The young man’s particular snare is referred to again in these verses. The purifying influence of the Word of God will protect him from the flattering lips of the strange woman. This false stranger would lure him from the path of truth and virtue to falsity and ruin. The young man is earnestly warned to beware of her fascinations.

We are reminded again that the heart must be guarded in order to keep the feet from forbidden paths. Any tampering with impurity will lead to both spiritual and physical sorrow and poverty. The adulteress will endeavor to entrap with her fascinating glances. The one whose heart is not protected by the sanctifying truth of God will be overcome.

Sinful thoughts should not be entertained. How many upright lives have been damaged by what started as a thoughtless familiarity. The relationship was allowed to develop step by step into adultery and ended in lifelong sorrow. No other sin, except murder, leaves such a dreadful stain. See David’s case in 2 Samuel 11-12.


In clear language God faithfully warns us of the awful consequences of the sin that brought the flood and will bring the fire! Men may forgive and forget other wrongs. This one is never forgotten. No one hates a thief stealing to satisfy his hunger. Both the law of Jehovah and the law of man demand restitution if the thief is arrested. But at least it is possible to make amends, even if it takes all he has. But the adulterer can never make amends to the wronged husband or the partner of the sin. Repentance toward God will not erase the reproach. The marks of the wound and the dishonor will remain to haunt one through the years. The rage of the rightly jealous husband will not be appeased by gifts however great, or apologies however earnest and sincere.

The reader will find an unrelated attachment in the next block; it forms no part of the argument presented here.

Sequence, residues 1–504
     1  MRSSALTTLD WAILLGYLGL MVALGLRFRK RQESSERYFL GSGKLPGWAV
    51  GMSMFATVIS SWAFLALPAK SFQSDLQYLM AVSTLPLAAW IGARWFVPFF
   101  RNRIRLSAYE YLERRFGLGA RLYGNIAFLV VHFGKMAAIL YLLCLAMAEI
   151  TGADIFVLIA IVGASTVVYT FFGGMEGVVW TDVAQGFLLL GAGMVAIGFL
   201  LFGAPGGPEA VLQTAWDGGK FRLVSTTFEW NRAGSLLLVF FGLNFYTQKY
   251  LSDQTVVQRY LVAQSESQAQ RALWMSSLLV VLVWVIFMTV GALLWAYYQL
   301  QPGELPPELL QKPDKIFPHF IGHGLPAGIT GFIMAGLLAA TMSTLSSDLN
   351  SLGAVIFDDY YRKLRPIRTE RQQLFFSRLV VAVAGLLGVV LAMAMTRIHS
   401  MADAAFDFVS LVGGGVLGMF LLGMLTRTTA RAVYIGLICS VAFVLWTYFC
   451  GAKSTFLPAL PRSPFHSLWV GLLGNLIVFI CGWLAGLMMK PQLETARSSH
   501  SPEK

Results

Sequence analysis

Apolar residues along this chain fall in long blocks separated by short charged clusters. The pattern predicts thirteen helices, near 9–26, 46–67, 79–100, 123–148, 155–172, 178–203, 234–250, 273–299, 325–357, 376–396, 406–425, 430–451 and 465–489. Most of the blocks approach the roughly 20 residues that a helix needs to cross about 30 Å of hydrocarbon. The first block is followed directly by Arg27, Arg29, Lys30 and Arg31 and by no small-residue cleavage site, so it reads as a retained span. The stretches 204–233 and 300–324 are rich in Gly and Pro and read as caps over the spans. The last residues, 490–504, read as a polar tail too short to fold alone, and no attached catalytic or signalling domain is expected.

He who ignores these warnings and deliberately goes on trifling with sin is without excuse. The only safe course is to discipline the mind to bring every sinful thought into subjection and allow the truth of God to control the heart (2 Corinthians 10:5). This is the only way to “flee.. .youthful lusts,” (2 Timothy 2:22)-those “fleshly lusts which war against the soul” (1 Peter 2:11). This is how Joseph resisted in circumstances far more tempting than those in which David fell. He responded “How then can I do this great wickedness, and sin against God?” (Genesis 39:9) May we also be preserved from temptation by allowing God’s Word to control our lives.

Bibliographical Information
Ironside, H. A. "Commentary on Proverbs 6". Ironside's Notes on Selected Books. https://www.studylight.org/commentaries/eng/isn/proverbs-6.html. 1914.